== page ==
Chapter: 5 (Page no: 61) Farmers' rights and intellectual property rights - reconciling conflicting concepts. Author(s): Alker, D. Heidhues, F.
Chapter: 6 (Page no: 93) Universities, technology transfer and industrial R&D. Author(s): Graff, G. Heiman, A. Zilberman, D. Castillo, F. Parker, D.
Chapter: 7 (Page no: 119) Mergers and intellectual property in agricultural biotechnology. Author(s): Marco, A. C. Rausser, G. C.
Chapter: 8 (Page no: 137) Cost of conserving genetic resources at ex situ genebanks: an example of the ICARDA genebank. Author(s): Koo, B. Pardey, P. G. Valkoun, J. Wright, B. D.
Chapter: 9 (Page no: 159) Impact of terminator technologies in developing countries: a framework for economic analysis. Author(s): Srinivasan, C. S. Thirtle, C.
Chapter: 10 (Page no: 181) The impact of genetic use restriction technologies on developing countries: a forecast. Author(s): Goeschl, T. Swanson, T.
Chapter: 11 (Page no: 193) Managing proprietary technology in agricultural research. Author(s): Komen, J. Cohen, J. I. Falconi, C. Salazar, S.
Chapter: 12 (Page no: 203) Is marker-assisted selection cost-effective compared with conventional plant breeding methods? The case of quality protein Maize. Author(s): Dreher, K. Morris, M. Khairallah, M. Ribaut, J. M. Shivaji Pandey Ganesan Srinivasan
Chapter: 13 (Page no: 237) Can biotechnology reach the poor? The adequacy of information and seed delivery. Author(s): Tripp, R.
Chapter: 14 (Page no: 251) Value of engineered virus resistance in crop plants and technology cooperation with developing countries. Author(s): Flasinski, S. Aquino, V. M. Hautea, R. A. Kaniewski, W. K. Lam, N. D. Ong, C. A. Pillai, V. Romyanon, K.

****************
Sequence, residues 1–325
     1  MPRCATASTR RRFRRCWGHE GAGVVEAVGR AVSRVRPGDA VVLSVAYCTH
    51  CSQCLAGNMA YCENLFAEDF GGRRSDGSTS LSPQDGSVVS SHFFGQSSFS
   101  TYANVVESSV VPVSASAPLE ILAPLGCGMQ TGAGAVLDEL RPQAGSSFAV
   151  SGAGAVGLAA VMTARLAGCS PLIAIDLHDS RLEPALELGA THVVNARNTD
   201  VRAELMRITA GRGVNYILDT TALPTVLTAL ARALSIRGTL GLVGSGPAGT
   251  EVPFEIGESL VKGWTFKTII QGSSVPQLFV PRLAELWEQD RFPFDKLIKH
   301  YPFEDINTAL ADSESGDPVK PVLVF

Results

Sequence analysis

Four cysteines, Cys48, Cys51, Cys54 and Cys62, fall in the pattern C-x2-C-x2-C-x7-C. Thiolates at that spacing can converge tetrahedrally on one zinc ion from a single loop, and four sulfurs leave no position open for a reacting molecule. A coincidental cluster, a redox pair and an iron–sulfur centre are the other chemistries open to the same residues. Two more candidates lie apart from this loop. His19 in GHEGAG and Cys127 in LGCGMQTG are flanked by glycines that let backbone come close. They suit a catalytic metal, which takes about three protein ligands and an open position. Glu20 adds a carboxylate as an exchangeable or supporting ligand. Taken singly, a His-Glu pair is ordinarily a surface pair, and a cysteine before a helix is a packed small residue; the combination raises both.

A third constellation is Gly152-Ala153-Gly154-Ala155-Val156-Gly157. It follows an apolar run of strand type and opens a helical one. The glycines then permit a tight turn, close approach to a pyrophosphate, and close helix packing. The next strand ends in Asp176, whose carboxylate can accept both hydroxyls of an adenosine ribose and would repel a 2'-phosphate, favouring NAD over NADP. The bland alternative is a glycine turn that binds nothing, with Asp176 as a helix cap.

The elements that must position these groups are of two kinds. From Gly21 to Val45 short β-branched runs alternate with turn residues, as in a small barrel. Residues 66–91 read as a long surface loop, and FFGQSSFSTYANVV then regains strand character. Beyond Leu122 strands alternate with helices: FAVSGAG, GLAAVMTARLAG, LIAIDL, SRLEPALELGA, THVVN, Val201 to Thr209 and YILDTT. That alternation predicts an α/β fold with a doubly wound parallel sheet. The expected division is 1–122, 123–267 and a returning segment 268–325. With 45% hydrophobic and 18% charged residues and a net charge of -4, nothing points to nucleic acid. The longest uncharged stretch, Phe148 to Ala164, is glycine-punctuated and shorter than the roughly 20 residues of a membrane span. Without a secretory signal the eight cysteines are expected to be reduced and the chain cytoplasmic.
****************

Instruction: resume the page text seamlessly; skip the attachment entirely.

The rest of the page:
Chapter: 15 (Page no: 269) Institutions and institutional capacity for biotechnology - a case study of India. Author(s): Rhoe, V. Shantharam, S. Babu, S.
Chapter: 16 (Page no: 287) Social and economic impact ex ante evaluation of Embrapa's biotechnology research products. Author(s): Avila, A. F. D. Quirino, T. R. Contini, E. Rech Filho, E. L.
Chapter: 17 (Page no: 309) Intellectual property protection and the international marketing of agricultural biotechnology: firm and host country impacts. Author(s): Goldsmith, P. Ramos, G. Steiger, C.
Chapter: 19 (Page no: 351) Income and employment effects of transgenic herbicide-resistant cassava in Colombia: a preliminary simulation. Author(s): Pachico, D. Escobar, Z. Rivas, L. Gottret, V. Perez, S.
Chapter: 20 (Page no: 359) Estimating the economic effects of GMOs: the importance of policy choices and preferences. Author(s): Anderson, K. Nielsen, C. P. Robinson, S.
Chapter: 21 (Page no: 393) Smallholders, transgenic varieties, and production efficiency: the case of cotton farmers in China. Author(s): Huang JiKun Hu RuiFa Rozelle, S. Qiao, F. B. Pray, C. E.

Chapter details

  • Author Affiliation
  • Department of Agricultural and Food Economics, University of Reading, Earley Gate, Whiteknights Road, Reading RG6 6AR, Berkshire, UK.
  • Year of Publication
  • 2002
  • ISBN
  • 9780851996189
  • Record Number
  • 20023100393